Patient safety and systematic reviews: finding papers indexed in MEDLINE, EMBASE and CINAHL
- 1Department of Health Administration, Faculty of Medicine, University of Montreal, Montreal, Canada
- 2Montreal Heart Institute, Montreal, Canada
- 3Department of Health Administration, Faculty of Medicine, University of Montreal, Montreal, Canada
- Correspondence to Affaud Anaïs Tanon, Department of Health Administration, Faculty of Medicine, University of Montreal, PO Box 6128, Succ. “Centre-ville”, Montreal, Quebec, Canada H3C 3J7;
Contributors AAT, FC and APC contributed to the conception and design of the study. AAT contributed to the acquisition, analysis and interpretation of data. DB and VJ contributed to the acquisition of data. AAT was involved in drafting the article. All authors were involved in critically revising the article and gave final approval of the version submitted to be published.
- Accepted 6 October 2009
- Published Online First 10 May 2010
Objective To develop search strategies for identifying papers on patient safety in MEDLINE, EMBASE and CINAHL.
Methods Six journals were electronically searched for papers on patient safety published between 2000 and 2006. Identified papers were divided into two gold standards: one to build and the other to validate the search strategies. Candidate terms for strategy construction were identified using a word frequency analysis of titles, abstracts and keywords used to index the papers in the databases. Searches were run for each one of the selected terms independently in every database. Sensitivity, precision and specificity were calculated for each candidate term. Terms with sensitivity greater than 10% were combined to form the final strategies. The search strategies developed were run against the validation gold standard to assess their performance. A final step in the validation process was to compare the performance of each strategy to those of other strategies found in the literature.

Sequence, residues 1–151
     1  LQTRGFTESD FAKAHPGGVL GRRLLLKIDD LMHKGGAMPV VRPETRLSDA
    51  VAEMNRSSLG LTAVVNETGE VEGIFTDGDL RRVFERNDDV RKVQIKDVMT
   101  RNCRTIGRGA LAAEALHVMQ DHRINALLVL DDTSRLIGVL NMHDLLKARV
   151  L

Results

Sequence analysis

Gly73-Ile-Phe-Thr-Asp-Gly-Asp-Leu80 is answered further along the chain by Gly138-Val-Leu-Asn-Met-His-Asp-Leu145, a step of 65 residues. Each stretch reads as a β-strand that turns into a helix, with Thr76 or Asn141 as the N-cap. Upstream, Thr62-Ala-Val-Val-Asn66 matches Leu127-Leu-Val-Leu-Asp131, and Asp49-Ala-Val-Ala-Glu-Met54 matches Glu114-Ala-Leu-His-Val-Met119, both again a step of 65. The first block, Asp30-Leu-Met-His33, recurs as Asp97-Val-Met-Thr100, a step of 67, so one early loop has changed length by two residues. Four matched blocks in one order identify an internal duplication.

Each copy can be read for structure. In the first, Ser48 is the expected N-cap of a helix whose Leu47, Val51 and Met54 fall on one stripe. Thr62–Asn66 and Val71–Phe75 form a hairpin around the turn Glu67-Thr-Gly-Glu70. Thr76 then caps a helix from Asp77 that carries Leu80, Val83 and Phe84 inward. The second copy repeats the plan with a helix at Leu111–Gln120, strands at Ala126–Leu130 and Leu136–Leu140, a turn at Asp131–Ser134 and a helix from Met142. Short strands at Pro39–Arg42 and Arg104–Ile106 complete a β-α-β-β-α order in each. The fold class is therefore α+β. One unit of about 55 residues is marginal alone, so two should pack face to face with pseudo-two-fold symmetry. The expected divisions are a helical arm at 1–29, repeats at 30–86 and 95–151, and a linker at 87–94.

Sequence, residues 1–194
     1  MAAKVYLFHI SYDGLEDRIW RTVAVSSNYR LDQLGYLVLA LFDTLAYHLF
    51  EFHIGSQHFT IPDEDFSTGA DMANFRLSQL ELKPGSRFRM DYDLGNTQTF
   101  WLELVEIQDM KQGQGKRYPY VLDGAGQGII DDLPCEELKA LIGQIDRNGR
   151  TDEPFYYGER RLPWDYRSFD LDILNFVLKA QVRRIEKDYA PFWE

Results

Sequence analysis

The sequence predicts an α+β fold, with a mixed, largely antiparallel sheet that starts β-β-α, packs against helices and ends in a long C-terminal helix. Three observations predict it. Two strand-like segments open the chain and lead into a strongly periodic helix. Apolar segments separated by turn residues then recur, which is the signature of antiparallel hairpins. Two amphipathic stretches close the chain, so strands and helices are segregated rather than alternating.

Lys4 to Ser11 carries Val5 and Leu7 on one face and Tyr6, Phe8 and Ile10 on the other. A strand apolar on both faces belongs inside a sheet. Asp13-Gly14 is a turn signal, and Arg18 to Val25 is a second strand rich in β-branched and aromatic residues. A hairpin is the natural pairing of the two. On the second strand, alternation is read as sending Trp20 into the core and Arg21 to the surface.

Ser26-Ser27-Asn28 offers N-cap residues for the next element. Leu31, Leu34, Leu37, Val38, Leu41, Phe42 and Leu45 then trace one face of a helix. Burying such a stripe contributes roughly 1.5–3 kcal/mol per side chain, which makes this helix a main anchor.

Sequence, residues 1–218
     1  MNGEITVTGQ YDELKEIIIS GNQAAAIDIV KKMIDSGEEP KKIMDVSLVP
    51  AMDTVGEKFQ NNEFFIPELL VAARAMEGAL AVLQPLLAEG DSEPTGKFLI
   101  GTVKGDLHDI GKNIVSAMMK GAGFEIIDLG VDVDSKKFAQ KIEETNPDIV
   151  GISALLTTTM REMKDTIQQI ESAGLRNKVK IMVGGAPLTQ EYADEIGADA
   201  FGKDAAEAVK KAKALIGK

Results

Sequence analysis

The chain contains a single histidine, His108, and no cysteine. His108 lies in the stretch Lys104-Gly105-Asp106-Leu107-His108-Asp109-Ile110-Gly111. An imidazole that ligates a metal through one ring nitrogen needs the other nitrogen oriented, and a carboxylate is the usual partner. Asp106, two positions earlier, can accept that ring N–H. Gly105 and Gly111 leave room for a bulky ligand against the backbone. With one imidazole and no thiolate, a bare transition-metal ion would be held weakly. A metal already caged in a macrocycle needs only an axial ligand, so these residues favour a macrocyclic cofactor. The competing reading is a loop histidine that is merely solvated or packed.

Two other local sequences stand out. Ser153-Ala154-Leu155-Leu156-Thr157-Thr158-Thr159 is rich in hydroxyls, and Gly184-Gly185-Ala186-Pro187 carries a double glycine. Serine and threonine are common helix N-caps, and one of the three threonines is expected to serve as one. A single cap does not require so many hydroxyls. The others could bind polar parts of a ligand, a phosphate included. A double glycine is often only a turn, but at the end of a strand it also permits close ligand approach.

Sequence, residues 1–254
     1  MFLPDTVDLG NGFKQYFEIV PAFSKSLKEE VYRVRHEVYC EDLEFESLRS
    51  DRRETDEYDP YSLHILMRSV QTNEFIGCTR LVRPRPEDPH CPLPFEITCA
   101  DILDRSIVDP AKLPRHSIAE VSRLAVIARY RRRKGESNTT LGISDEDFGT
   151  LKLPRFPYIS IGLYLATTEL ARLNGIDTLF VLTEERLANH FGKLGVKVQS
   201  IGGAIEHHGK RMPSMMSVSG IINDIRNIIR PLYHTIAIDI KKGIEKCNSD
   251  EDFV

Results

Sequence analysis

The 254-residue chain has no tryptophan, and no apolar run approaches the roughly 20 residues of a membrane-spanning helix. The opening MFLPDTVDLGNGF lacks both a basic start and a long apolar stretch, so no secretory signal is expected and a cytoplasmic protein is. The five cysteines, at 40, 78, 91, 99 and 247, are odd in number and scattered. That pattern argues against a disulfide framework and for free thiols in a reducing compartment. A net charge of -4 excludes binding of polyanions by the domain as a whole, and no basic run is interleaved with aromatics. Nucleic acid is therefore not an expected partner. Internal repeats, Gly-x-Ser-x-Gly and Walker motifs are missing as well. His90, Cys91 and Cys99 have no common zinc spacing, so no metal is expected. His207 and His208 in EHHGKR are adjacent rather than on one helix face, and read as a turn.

Results We developed strategies for all three databases that were highly sensitive (range 95%–100%), precise (range 40%–60%) and balanced (the product of sensitivity and precision being in the range of 30%–40%). The strategies were very specific and outperformed those found in the literature.
Conclusion The strategies we developed can meet the needs of users aiming to maximise either sensitivity or precision, or seeking a reasonable compromise between sensitivity and precision, when searching for papers on patient safety in MEDLINE, EMBASE or CINAHL.
- Patient safety
- medical errors
- safety management
- review literature as topic
- information storage and retrieval
- risk management
- evidence-based medicine
Funding Canadian Institutes of Health Research, 160, rue Elgin, 9e étage Indice de l'adresse 4809A Ottawa, Ontario, Canada K1A 0W9.
Competing interests None.
Provenance and peer review Not commissioned; externally peer reviewed.
↵vi from Westwood et al's study report: Westwood M, Rodgers M, Sowden A. Patient safety: a mapping of the research literature. York, UK: National Health Service Centre for Reviews and Dissemination.